Crockery is an excellent way to showcase your design style through practical additions to your home. Everyone needs plates and cups, but why buy generic brands from a box store when you purchase pieces with a history and design all their own? Purchasing antique crockery for decorating your table and home can be a fun and challenging experience.
There are so many time periods from which to choose, each with their own distinctive style. To help in your antique crockery choice, two vastly different styles are highlighted below: Red Wing pottery and Wedgwood china.
The real purpose of a picture frame is to focus and protect pictures. Antique picture frames are precursors to wholesale products in acrylic or metal. Antique picture frames have a history dating to the 2nd century B.C., with the finding of borders around Etruscan cave paintings. The frames were primarily used for isolating and safeguarding particular paintings.
The first antique picture frame was the carved wooden frame found in the Middle Ages, when frames were usually made by painter himself. It was during the Renaissance that frame making gained prominence. Professional frame makers came into the forefront and antique picture frames reflected the furniture style, from ornate to gilded or rococo. Generally in wood or metal, antique picture frames add a touch of glamour to surroundings, and at the same time enhance a picture.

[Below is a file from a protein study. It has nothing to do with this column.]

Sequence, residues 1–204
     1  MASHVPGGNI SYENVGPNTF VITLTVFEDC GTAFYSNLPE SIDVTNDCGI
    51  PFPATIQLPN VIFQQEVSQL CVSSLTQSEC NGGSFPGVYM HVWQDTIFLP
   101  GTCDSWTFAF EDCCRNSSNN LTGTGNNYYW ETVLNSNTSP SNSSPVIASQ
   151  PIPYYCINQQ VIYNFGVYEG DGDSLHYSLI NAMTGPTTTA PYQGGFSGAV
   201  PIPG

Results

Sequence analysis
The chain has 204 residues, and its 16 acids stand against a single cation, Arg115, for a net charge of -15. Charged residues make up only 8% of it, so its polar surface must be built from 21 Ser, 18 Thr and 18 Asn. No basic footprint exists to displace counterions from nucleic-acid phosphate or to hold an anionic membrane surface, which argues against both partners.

A window shutter is a covering made of vertical stiles and horizontal rails. It is used to control the amount of sunlight, to provide privacy, to protect against weather elements, and to enhance the aesthetics of a building. It refers to both interior shutters and exterior shutters. Interior shutters, as their name suggests, are shutters used inside the home or building. They have hinges on either side of the window and swing inwards to let light enter. Exterior shutters are used outside the structure and also have hinges to either side of the window, but they swing outwards.
Shutters have been used since the time of Henry VIII and reign of Elizabeth I in the 1500s. Most homes in Tudor, England had shutters that were originally designed to protect windows on the outside and were built for the interior of the home.